Honduran coup: New leader shrugs off pressure to restore president
TEGUCIGALPA, Honduras (AP) – Honduras’ newly appointed leader vowed Monday to resist pressure from across the Americas to reinstate the president ousted in a military coup, as protesters burned tires outside the occupied presidential palace.
Leaders from Hugo Chavez to Barack Obama called for the reinstatement of Manuel Zelaya, who was arrested in his pajamas Sunday morning by soldiers who stormed his residence and flew him into exile.
Roberto Micheletti, appointed president by congress, insisted that Zelaya was legally removed by the courts and Congress for violating Honduras’ constitution – allegedly to extend his rule.
Zelaya’s ouster was Central America’s first coup in at least 16 years, a blow from the barracks that reminded many of the military dictatorships the region has tried to bury in its past.
Latin American leaders gathered in Nicaragua to draft a response, with all eyes on Venezuelan President Hugo Chavez, who said he would “overthrow” Micheletti.
Micheletti shrugged aside Chavez’s threat, telling HRN radio on Monday: “Nobody scares us.”
Micheletti said he was sure that “80 to 90 percent of the Honduran population is happy with what happened.”
True or false, the rest of the world certainly was not, as the president of the U.N. General Assembly invited Zelaya to address the world gathering.
U.S. Secretary of State Hillary Rodham Clinton said U.S. diplomats were trying to ensure Zelaya’s safety and get him restored as president, as well as “considering the implications” of the coup for U.S. aid.
But Clinton also hinted the U.S. wasn’t entirely with Zelaya, urging an examination of “the underlying problems that led to yesterday’s events.”
The Organization of American States called for Zelaya’s return and summoned a meeting of foreign ministers on Tuesday that could make Honduras the first nation suspended from the organization under a 2001 charter banning “the unconstitutional interruption of democratic order.”
European Union officials offered to mediate talks between the two sides.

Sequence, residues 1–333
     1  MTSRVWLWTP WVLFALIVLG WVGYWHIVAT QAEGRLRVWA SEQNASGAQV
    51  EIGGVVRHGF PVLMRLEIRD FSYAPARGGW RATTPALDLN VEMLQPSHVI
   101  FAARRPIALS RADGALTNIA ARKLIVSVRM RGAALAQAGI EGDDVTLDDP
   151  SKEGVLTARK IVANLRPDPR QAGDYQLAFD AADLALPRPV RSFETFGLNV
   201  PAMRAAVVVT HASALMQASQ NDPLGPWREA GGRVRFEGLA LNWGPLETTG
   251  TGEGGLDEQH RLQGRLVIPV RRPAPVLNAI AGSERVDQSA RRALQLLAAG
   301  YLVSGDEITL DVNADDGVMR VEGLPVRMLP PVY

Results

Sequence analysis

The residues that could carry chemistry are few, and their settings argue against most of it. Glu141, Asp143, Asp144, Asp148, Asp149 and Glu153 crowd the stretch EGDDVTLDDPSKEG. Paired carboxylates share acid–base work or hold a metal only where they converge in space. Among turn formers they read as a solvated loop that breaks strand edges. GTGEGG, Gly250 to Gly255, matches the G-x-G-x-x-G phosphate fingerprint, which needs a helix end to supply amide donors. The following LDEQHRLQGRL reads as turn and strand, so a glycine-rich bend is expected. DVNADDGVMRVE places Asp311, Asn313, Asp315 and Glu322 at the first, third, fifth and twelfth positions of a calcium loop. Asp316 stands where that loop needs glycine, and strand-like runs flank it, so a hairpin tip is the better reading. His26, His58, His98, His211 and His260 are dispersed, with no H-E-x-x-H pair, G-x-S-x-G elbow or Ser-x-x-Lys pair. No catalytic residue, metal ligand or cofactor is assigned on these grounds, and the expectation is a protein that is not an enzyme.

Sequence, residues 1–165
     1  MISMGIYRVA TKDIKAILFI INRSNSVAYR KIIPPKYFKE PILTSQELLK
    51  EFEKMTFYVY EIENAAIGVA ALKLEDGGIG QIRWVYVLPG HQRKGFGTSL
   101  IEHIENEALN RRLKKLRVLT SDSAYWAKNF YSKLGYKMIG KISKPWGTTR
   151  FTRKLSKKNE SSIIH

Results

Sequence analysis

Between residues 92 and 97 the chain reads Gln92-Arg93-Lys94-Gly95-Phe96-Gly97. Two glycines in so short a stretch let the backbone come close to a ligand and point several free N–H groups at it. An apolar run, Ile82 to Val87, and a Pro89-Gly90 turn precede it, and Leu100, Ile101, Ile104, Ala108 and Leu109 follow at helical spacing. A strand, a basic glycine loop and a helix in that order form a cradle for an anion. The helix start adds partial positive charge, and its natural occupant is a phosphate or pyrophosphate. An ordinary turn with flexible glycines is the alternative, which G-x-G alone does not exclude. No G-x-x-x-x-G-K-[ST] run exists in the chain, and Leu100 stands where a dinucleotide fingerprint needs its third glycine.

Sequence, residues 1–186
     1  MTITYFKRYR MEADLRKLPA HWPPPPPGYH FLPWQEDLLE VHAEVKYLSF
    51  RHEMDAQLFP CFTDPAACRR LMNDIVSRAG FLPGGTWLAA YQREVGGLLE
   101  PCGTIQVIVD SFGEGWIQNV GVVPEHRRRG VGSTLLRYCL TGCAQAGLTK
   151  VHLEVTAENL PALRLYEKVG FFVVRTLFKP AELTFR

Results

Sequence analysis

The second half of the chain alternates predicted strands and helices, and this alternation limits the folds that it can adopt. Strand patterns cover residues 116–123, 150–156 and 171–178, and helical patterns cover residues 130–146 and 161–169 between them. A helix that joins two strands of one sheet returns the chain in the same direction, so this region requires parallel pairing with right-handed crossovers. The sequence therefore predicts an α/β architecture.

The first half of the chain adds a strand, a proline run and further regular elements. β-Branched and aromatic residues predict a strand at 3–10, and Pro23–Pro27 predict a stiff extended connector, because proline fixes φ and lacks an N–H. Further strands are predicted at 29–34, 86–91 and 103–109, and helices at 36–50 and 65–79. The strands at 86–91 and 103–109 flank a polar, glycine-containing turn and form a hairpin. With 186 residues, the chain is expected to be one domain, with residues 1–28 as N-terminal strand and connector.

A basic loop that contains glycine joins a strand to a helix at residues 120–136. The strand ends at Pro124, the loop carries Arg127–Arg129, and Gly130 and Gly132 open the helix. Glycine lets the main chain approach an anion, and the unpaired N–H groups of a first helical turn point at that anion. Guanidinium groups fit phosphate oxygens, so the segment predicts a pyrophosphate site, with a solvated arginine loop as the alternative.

Chavez cast the dispute as an attempt by a wealthy elite to suppress the poor.
“If the oligarchies break the rules of the game as they have done, the people have the right to resistance and combat, and we are with them,” Chavez said in the Nicaraguan capital, Managua.
Conservative Latin American governments also denounced the takeover. Mexico announced it was giving diplomatic protection to Zelaya’s foreign minister, Patricia Rodas, who fled to Mexico City.
Zelaya was arrested and flown to Costa Rica hours before a rogue referendum he had called in defiance of Honduras’ courts and Congress. His opponents claimed the vote was an attempt to remain in power after his term ends Jan. 27.
Micheletti said he would serve only until the end of Zelaya’s term.
“We respect everybody and we ask only that they respect us and leave us in peace because the country is headed toward free and transparent general elections in November,” Micheletti said.
His designated foreign minister, Enrique Ortez Colindres, told HRN that no coup had occurred. Ortez said the military had merely upheld the constitution “that the earlier government wanted to reform without any basis and in an illegal way.”
Troops with riot shields surrounded the presidential palace and armored military vehicles were parked in front, but soldiers made no attempt to clear away about 200 pro-Zelaya protesters who were burning tires and other debris, as well as blocking streets with downed trees and billboards.
“We want our elected and democratic president, not this other one that the world doesn’t recognize,” said Marco Gallo, a 50-year-old retired teacher.
Most people in the capital went about business as normal. Nearly all businesses were open and traffic flowed normally aside from a small part of downtown Tegucigalpa.
The Honduran constitution limits presidents to a single four-year term and forbids any modification of that limit. Zelaya’s opponents feared the referendum was part of an attempt to try to run again, just as other Latin American leaders have removed constitutional clauses designed to prevent strongmen from extending their rule.
The president of Latin America’s largest nation, Brazil’s Luiz Inacio Lula da Silva, said on his weekly radio program that his country will not recognize any Honduran government that doesn’t have Zelaya as president “because he was directly elected by the vote, complying with the rules of democracy.”
He also said Honduras risks isolation from the rest of the hemisphere.
“We in Latin America can no longer accept someone trying to resolve his problem through the means of a coup,” Silva said.
U.N. Secretary-General Ban Ki-moon and the Rio Group, which comprises 23 nations from the hemisphere, also condemned the coup and called for Zelaya’s return.
Zelaya said soldiers seized him in his pajamas at gunpoint in what he called a “kidnapping.”
“I want to return to my country. I am president of Honduras,” he said in Costa Rica before traveling to Managua on one of Chavez’s planes for regional meetings of Central American leaders and Chavez’s leftist alliance of nations, known as ALBA.
Coups were common in Central America until the 1980s, but Sunday’s ouster was the first military power grab in Latin America since a brief, failed 2002 coup against Chavez.
It was the first military ouster of a Central American president since 1993, when Guatemalan military officials refused to accept President Jorge Serrano’s attempt to seize absolute power and removed him.